It feels like restrained exasperation, and it seems one of Thandi’s biggest frustrations is the fudge of a name used for the emerging West Midlands Combined Authority. Should it be ‘Greater Birmingham’? He won’t say this, but his hints are strong.
“When I get off a plane in Europe, the Middle East or America and I say my company name, they say: ‘Ah yes, the NEC in Birmingham.’ All of us – from the Black Country to Coventry – have got to harness the power of that statement, as Manchester has.
“We’re a region, but every region needs a capital. Toulouse is globally known as the centre of France’s aerospace industry, home to Airbus, one of the world’s largest aeronautics manufacturers, although the factory is actually outside the city. We have to fire on all of our assets to realise global ambitions.”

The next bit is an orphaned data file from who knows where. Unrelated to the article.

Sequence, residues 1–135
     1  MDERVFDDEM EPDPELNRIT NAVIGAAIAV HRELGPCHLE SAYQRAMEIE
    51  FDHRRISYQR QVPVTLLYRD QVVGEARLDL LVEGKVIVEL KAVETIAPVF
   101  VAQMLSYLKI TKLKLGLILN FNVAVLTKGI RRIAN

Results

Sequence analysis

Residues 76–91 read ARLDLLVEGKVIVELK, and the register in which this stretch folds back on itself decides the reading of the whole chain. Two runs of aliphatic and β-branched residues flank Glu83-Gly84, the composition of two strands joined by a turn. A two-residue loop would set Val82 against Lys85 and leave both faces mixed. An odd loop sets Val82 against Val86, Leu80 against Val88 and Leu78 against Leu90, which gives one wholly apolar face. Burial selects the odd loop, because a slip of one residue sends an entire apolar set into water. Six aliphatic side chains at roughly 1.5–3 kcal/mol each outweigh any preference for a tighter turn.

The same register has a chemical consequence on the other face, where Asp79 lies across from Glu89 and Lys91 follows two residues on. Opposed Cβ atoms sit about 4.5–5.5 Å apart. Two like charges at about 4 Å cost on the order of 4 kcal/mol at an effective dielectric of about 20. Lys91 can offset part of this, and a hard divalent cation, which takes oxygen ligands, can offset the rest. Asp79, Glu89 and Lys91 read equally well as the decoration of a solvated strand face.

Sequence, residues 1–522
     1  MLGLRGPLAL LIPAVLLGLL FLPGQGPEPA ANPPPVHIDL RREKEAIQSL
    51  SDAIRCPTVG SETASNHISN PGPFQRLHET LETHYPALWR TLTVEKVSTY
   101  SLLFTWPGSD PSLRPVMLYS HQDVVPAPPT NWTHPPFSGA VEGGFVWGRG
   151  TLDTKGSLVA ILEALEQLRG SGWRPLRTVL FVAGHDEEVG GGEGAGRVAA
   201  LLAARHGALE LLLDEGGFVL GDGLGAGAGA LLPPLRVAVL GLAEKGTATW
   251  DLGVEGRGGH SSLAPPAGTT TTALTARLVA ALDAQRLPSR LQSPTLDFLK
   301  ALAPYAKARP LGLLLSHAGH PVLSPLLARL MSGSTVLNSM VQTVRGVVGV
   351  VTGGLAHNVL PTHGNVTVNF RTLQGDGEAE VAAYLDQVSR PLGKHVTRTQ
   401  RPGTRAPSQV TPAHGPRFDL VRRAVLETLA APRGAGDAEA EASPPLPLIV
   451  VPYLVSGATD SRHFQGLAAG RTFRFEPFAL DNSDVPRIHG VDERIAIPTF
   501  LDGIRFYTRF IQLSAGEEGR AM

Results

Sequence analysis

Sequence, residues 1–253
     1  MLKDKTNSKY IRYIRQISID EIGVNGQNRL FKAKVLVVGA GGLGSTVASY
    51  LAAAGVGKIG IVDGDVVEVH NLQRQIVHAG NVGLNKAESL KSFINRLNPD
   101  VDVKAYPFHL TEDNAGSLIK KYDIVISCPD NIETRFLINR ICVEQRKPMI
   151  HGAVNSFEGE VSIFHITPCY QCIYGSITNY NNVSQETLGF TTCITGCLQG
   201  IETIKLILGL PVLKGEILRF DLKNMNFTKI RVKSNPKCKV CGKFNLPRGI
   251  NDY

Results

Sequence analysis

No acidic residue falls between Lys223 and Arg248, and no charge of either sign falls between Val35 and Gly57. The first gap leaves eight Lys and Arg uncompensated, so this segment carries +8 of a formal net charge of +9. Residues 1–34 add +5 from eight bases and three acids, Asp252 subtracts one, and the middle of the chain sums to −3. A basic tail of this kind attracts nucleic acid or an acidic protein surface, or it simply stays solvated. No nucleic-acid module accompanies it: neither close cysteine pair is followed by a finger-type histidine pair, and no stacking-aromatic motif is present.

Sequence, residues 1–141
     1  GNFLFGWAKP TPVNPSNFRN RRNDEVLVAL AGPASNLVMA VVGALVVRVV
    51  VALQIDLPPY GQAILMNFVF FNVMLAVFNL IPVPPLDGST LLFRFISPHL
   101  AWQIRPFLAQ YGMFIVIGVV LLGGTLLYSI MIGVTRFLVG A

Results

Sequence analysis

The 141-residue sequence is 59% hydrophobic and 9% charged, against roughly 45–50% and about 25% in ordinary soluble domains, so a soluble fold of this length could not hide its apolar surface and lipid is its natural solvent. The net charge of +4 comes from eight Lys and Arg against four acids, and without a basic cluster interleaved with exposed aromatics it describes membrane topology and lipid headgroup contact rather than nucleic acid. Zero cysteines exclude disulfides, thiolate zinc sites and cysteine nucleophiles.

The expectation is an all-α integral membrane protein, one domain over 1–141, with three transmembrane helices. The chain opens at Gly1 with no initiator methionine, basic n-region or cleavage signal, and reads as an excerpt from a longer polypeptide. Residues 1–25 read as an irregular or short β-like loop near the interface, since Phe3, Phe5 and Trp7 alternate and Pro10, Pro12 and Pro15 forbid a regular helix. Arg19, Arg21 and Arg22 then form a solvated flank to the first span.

Regional names aside, Thandi also believes the region should be more united in the way it treats visitors. “It’s about everyone having a script,” he says. “At the NEC, everyone including our bus drivers talk to customers to make sure they’re part of creating a great visit. We need more of that from the centre in places like Birmingham.”
And suddenly, Thandi’s on a values roll again – but this time it’s about how the region should act: “There should be five KPIs [key performance indicators] to promote the whole region. Everyone in the service industry should have some form of this tourism training, just a few hours, so they can talk about the landmarks, the developments.